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Major earthquake jolts South Asia

By Agencies in Kabul | China Daily | Updated: 2015-10-27 07:41

 Major earthquake jolts South Asia

Afghan residents examine a damaged house after a powerful earthquake hit the Bazarak in Panjshir province on Monday. AFP

A powerful 7.5-magnitude earthquake killed at least 100 people as it rocked South Asia on Monday, including 12 Afghan girls crushed to death in a stampede as they tried to flee their collapsing school.

Thousands of frightened people rushed into the streets in Afghanistan, Pakistan and India as the quake shook a swathe of the subcontinent.

It was centered near Jurm in northeast Afghanistan, 250 km from the capital Kabul and at a depth of 213.5 km, the US Geological Survey said.

The epicenter is just a few hundred km from the site of a 7.6-magnitude quake that struck in October 2005, killing more than 75,000 people and displacing some 3.5 million more, although that quake was much shallower.

The death toll rose rapidly Monday amid reports of buildings reduced to rubble, with Pakistan heavily hit.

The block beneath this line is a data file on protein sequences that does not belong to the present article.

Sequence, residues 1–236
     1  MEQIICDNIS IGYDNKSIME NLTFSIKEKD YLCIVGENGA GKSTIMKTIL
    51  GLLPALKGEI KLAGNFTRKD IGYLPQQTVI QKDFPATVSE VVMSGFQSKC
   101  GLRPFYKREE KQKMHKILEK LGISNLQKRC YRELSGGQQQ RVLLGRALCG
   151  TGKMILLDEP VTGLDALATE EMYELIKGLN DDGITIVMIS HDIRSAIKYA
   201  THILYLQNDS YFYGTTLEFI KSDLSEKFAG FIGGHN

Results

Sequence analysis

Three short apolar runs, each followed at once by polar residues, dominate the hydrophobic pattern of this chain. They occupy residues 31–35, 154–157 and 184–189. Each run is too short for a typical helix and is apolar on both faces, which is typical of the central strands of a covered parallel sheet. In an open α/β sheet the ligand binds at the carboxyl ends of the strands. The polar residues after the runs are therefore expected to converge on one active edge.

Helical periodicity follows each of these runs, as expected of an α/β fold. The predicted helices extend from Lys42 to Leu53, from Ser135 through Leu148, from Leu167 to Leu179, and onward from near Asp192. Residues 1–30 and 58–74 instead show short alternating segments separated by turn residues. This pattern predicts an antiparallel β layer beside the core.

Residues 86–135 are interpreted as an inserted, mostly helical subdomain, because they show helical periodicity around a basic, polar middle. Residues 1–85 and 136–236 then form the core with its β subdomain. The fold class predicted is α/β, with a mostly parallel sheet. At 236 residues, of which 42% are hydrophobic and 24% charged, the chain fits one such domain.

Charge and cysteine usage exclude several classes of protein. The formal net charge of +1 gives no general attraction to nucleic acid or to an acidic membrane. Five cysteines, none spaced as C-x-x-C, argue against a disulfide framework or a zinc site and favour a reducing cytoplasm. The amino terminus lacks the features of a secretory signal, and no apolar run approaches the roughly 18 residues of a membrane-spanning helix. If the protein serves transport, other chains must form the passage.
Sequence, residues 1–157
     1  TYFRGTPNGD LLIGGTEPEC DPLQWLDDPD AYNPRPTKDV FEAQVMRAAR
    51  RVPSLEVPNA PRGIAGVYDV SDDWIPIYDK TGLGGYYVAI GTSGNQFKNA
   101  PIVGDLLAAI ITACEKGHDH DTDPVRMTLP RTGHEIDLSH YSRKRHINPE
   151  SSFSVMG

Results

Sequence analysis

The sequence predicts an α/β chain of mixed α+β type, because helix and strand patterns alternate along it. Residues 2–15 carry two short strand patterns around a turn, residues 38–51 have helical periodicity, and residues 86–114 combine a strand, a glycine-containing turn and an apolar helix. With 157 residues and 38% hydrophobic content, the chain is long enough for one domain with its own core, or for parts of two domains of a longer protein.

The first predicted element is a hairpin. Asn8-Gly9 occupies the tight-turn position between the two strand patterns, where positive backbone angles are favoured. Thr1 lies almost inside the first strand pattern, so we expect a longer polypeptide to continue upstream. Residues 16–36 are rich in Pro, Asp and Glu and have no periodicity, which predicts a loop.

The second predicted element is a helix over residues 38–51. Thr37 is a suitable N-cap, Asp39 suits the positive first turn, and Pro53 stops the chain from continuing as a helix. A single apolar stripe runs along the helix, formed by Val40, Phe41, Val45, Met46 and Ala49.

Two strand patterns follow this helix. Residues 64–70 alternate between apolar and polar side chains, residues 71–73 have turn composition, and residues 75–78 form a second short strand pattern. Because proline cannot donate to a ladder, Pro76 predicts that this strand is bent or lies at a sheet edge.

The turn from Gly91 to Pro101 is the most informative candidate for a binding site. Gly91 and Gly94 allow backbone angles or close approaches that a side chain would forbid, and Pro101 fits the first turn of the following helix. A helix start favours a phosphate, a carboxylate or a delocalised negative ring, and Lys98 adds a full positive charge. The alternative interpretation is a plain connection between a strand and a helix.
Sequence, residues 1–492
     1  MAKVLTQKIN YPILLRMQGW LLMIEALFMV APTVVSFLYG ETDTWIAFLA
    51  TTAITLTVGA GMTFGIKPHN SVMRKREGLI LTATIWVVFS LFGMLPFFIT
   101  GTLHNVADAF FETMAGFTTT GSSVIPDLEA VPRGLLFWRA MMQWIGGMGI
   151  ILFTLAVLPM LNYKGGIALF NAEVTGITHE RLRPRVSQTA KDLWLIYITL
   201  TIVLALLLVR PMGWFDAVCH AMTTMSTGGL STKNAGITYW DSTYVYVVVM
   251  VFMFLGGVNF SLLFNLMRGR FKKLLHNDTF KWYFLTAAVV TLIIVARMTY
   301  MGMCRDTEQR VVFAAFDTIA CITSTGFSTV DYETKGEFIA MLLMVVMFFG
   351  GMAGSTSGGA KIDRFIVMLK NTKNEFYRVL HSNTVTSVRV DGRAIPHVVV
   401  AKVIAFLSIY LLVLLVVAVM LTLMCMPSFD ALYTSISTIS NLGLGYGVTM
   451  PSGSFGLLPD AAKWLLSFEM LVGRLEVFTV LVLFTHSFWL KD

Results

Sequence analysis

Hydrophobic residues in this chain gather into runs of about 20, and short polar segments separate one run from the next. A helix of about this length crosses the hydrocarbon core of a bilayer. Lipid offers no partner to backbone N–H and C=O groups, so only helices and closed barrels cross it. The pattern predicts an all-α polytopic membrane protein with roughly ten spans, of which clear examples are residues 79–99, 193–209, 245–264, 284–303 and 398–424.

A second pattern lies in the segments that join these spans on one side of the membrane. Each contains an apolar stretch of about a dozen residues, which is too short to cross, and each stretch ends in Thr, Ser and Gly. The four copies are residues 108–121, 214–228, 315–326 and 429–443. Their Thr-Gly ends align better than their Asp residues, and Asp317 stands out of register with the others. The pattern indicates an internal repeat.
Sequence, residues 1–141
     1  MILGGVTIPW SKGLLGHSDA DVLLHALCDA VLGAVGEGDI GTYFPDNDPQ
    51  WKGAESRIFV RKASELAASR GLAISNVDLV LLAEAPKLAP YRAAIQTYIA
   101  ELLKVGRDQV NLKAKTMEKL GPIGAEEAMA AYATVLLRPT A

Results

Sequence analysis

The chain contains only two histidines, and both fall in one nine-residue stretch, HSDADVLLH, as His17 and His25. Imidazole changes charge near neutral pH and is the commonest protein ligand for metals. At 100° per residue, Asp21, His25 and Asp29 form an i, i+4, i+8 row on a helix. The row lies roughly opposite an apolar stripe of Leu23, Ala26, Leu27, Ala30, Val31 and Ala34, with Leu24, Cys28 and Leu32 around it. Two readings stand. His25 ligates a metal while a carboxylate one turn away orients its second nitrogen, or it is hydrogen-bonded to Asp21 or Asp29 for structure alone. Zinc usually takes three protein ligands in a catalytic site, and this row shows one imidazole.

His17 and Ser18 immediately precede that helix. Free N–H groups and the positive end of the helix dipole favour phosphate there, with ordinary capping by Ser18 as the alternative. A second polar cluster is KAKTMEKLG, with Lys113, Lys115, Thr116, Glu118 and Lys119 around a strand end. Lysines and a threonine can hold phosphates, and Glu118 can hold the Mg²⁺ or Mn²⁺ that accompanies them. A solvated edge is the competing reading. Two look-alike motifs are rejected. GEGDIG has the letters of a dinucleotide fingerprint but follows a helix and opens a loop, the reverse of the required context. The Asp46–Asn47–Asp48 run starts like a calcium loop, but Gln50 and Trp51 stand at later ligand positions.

Horrifying news emerged of at least 12 schoolgirls being trampled to death in a northern Afghan province.

"The students rushed to escape the school building in Taluqan city (capital of Takhar), triggering a stampede," Takhar education department chief Enayat Naweed said.

"Twelve students, all minors, were killed and 35 others were injured."

Separately, in Nangarhar province bordering Pakistan, six people were killed and 69 injured, said Najeeb Kamawal, head of the local public hospital.

At least 28 people were known to have died in Pakistan's northern tribal areas, 20 in the northwest, three in Gilgit-Baltistan and one in Pakistani Kashmir.

The quake, which lasted at least one minute, shook buildings in Kabul, Islamabad and New Delhi.

At least one aftershock hit shortly afterwards, with the USGS putting its magnitude at 4.8.

In a statistical prediction on its website, the agency said there was a one-third chance of the number of fatalities climbing to between 100 and 1,000 people, with several million dollars' worth of damage likely caused.


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